Cædmon Citation Network – Week 2Posted: May 27, 2016
Hello Lovers of Old English and the Digital Humanities!
I know you’re out there. I see you.
This week’s blog will be a bit short I’m afraid, thanks to the long weekend making the week itself a bit short.
My goals for this week were to figure out how to use the GLOBUS network and to begin checking our working bibliography against the current body of Cædmon scholarship.
Entirely due to the help of Gurpreet Singh I now know how to transfer files on GLOBUS! I am extremely grateful that he took the time out yesterday to help me with it, as it was not an intuitive process to me at all. One needs to register with GLOBUS as well as Compute Canada and then download some software to one’s computer to create an endpoint. It was all very confusing to me prior to yesterday, but I seem to have a grasp on things now.
Why do I need to use GLOBUS? This system allows the members of our project to share files with one another more easily. Rather than emailing each other articles and other information, we can all use GLOBUS to access everything to do with the project in one shared folder that lives within the Compute Canada network. Now that I have access to the project folder I am able to see all of the articles that Rachel Hanks collected for our data collection last summer. It is an invaluable tool that will save a lot of time that might have been wasted requesting information back and forth between each other.
My second goal, to begin checking the thoroughness of our bibliography, has also been achieved, but it is more slow-going than I anticipated. We have a pretty good list of Cædmon scholarship so far, but I am planning to check it against the Old English Bibliography Newsletter website, Fred Robinson’s A Bibliography of Publications on Old English Literature to the End of 1972, Dan’s own bibliography from his edition of Cædmon’s Hymn, the MLA Bibliography, and the old Anglo Saxon England journal.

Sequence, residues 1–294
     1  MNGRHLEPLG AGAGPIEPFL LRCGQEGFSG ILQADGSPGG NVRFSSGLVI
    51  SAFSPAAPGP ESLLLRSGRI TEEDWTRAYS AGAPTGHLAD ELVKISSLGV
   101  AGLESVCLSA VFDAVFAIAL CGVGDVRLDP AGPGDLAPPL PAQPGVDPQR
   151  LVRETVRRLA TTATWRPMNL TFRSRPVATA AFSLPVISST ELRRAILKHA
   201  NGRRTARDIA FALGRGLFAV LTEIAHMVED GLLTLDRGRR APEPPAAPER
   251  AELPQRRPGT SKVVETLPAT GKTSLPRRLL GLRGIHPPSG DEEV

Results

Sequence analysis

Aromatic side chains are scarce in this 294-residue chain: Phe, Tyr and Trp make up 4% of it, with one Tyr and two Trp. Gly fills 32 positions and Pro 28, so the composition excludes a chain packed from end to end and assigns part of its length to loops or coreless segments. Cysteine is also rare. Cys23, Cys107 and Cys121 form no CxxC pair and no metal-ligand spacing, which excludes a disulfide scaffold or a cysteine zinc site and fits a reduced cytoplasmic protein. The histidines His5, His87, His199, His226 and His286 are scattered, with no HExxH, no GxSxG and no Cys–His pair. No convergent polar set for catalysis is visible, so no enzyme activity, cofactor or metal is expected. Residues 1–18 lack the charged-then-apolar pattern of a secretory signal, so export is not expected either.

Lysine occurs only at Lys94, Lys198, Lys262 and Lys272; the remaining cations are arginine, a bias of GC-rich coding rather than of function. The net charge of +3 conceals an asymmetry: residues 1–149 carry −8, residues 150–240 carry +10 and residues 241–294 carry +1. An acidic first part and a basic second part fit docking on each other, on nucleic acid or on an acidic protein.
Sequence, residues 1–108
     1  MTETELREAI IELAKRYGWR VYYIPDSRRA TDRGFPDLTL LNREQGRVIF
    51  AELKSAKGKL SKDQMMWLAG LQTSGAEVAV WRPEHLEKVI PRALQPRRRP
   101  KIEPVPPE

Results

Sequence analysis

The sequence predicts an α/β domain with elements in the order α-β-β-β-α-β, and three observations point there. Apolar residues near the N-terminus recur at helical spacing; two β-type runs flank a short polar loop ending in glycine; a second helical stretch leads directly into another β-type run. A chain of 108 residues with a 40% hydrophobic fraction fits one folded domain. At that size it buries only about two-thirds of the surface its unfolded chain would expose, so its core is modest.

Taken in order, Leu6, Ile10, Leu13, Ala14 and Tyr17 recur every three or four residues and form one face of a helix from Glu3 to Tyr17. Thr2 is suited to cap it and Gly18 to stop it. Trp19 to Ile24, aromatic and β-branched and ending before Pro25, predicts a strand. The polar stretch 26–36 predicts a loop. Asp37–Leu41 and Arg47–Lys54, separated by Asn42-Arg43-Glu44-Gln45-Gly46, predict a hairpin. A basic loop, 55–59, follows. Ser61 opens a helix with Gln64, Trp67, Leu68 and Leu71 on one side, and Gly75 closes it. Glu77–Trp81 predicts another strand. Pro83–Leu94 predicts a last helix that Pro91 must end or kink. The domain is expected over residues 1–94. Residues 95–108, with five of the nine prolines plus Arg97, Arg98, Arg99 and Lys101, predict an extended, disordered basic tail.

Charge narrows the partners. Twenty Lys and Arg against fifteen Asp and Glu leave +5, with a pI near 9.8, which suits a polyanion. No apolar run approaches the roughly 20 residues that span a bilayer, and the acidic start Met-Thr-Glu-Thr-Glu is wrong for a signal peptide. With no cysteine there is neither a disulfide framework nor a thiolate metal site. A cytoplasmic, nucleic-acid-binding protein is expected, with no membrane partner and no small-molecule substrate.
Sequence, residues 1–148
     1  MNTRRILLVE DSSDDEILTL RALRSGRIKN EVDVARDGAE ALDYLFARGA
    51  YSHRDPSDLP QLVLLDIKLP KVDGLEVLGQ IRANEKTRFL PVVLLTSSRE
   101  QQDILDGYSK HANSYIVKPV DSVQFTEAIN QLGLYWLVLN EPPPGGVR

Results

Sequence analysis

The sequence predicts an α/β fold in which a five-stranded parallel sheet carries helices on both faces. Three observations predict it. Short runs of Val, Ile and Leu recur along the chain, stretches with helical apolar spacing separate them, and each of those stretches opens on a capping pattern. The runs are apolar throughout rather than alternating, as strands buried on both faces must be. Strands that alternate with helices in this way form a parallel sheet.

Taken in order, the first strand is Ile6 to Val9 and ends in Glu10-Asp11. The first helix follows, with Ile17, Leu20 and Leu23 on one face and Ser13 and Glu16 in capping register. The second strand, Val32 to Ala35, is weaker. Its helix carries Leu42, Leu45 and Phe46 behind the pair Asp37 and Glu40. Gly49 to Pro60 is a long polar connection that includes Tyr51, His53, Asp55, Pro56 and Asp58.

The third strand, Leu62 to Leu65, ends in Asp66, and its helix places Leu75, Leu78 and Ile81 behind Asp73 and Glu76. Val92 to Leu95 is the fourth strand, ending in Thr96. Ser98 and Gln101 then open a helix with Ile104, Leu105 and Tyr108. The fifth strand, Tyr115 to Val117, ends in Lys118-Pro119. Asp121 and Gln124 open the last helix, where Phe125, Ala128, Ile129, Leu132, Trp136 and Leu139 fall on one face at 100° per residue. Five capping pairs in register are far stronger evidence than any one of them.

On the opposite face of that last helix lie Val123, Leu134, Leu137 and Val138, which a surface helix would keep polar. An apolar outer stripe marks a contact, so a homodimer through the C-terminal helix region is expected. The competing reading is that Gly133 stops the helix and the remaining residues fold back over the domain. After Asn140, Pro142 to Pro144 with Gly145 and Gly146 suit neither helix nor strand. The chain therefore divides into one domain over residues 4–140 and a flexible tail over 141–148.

Our list will include anything which quotes or paraphrases closely the Hymn itself, either in translation or its original form. Anything which discusses Cædmon as the subject or as a means of significant comparison in a scholarly context will become part of the bibliography. By limiting ourselves to only counting quotes of the Hymn itself, rather than any section of an edition of Cædmon’s Hymn, we hope to ensure a more complete sample of data. It will be a large sample, but not so vast that we might miss significant elements that would skew our data in an inaccurate way.
So that is what I have been doing for the majority of the week, and what I will continue to do. As always, any questions or comments can be left in the comment section below!
Until next week,